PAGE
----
Birmingham Day 3

Bishop Calvin Woods

Bishop Calvin Woods

For we wrestle not against flesh and blood, but against principalities, against powers, against the rulers of the darkness of this world, against spiritual wickedness in high places.

Ephesians 6:12

Ms. Janice Kelsey

Ms. Janice Kelsey

I didn’t mind what they did until they bombed the 16th Street Church.   Before that, I had heard of bombings – but they didn’t affect me personally.  I was connected to three of the four girls…  None of them had demonstrated…  Cynthia Wesley like a sister…  These were the first people I had known in my age group to die.   That’s why we tell our story now:  so people will know how painful it was…

Ms. Janice Kelsey (paraphrased)

Ms. Myrna Jackson

Ms. Myrna Jackson

Any history book that does not include us is incomplete….  It’s bad not to know – but it’s worse not to want to know.

Ms. Myrna Jackson

Today was riveting.  Our continuing work with Dr. Glenn Eskew was compelling: he provided an overview of Alabama and Southern history from New Deal liberalism through the States Rights Dixiecrat period and then focusing on the 20th century Civil Rights Movement, echoing the narrative found in But for Birmingham, but with the benefit of discussion and the ability to direct our attention to city landmarks which are repeatedly present [such as the Municipal Auditorium where, in 1938, Eleanor Roosevelt straddled the Southern Conference for Human Welfare segregated by Bull Connor during the Southern Conference for Human Welfare; in 1948, the Dixiecrats held their convention nominating Strom Thurmond; and, in 1956, Nat King Cole was attacked in the middle of his concert (by Ace Carter, later to write The Education of Little Tree)].

I know that’s a long sentence – but it’s been a long day.  Bear with me.

Next, we watched most of Teaching Tolerance’s The Children’s March – an  engaging, but historically questionable, video.  Historically questionable?  For one, according to Dr. Eskew, at least one of the individuals focused on – as well as others, according to our panelists – was significantly misrepresented.  I was also bothered by how archival footage and dramatizations were interchangeable in the presentation:  I would have liked a little more effort to distinguish the two.  That said, I’d certainly share it with kids – while discussing the complicating factors.

Next was the highlight of the day:  Our panel discussion with Movement “footsoldiers” Myrna Jackson and Janice Kelsey and SCLC leader Bishop Calvin Woods.  In a stirring presentation, the three told of the trials they faced, the tough decisions they made, and their motivations for making the decisions they did (whether that be Bishop Woods’ conviction that Reverend Fred Shuttlesworth was saved by God to lead the movement or Ms. Kelsey’s interest in meeting cute boys.)  Over the course of an unforgettable hour and a half, the three of them sang, answered questions, and told the kinds of stories that make history come alive (like Ms Kelsey getting into trouble with her siblings for going off to jail for two weeks with their shared toothbrush, Ms Jackson sharing how the jailers answered the prisoners freedom songs by singing Dixie – and encouraging the long time prisoners to beat the protesters, which they did not, and Bishop Woods’ recitation of a praise song he wrote in honor of Dr. King.)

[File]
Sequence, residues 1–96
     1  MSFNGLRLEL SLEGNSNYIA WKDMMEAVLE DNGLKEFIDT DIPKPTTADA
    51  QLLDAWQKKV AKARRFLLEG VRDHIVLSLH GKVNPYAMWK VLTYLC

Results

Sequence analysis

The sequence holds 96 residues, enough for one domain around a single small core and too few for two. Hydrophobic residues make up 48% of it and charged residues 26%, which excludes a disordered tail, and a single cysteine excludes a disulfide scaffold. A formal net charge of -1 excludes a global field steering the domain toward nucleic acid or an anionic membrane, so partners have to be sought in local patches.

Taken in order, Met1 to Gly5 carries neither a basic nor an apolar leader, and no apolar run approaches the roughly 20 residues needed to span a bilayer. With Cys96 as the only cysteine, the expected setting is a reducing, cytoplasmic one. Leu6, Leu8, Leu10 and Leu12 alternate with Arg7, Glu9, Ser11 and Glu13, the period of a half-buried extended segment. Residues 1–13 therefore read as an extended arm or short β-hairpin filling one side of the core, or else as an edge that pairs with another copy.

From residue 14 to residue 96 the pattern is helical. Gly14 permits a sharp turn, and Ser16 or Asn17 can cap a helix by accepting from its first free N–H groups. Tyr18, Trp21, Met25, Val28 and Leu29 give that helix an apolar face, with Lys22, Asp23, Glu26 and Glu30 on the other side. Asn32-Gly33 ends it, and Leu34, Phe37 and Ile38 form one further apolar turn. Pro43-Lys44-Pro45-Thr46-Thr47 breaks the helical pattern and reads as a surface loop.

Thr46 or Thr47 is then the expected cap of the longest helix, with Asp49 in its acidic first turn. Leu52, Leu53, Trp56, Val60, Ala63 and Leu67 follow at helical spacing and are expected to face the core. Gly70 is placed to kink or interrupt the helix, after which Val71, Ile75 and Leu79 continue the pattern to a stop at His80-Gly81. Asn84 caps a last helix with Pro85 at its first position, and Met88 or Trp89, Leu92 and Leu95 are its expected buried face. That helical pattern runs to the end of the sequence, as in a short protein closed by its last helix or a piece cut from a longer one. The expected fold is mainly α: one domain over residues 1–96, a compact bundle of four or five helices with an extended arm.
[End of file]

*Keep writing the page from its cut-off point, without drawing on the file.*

We finished off the day with Martha Bouyers leading a series of classroom ideas under the heading “Justice for All“:  ideas likely to capture students’ interest in the injustices fought by the Movement through empathy, role play, statistics, and moral reasoning.  Documents that we considered during the process included, amongst others, Fannie Lou Hamer’s testimony to the Democratic National Committee in 1964 and Robert Kennedy’s 1964 report to John F Kennedy on Civil Rights.

Beyond the absolute pleasure and emotional satisfaction of being here is the recognition of being here at just the right moment:  we likely would not have come here twenty years ago, as the city was not yet ready to talk about the Movement; ten years from now, there will likely be far fewer participants able to tell their stories.  As one of the participants told us, there are just a few of us left – we have to get the truth told before we leave here.

Tomorrow we’re off to Montgomery and Selma.  How lucky we are…

Want to read about the rest of the trip?


4 responses to “Birmingham Day 3

  1. Pingback: Day Five - Sixteenth Street Baptist Church « Teaching American History in SW Washington

  2. Pingback: Day Four: Montgomery and Selma « Teaching American History in SW Washington

  3. Pingback: Birmingham - Day Two « Teaching American History in SW Washington

  4. Pingback: Birmingham - Day 1 « Teaching American History in SW Washington

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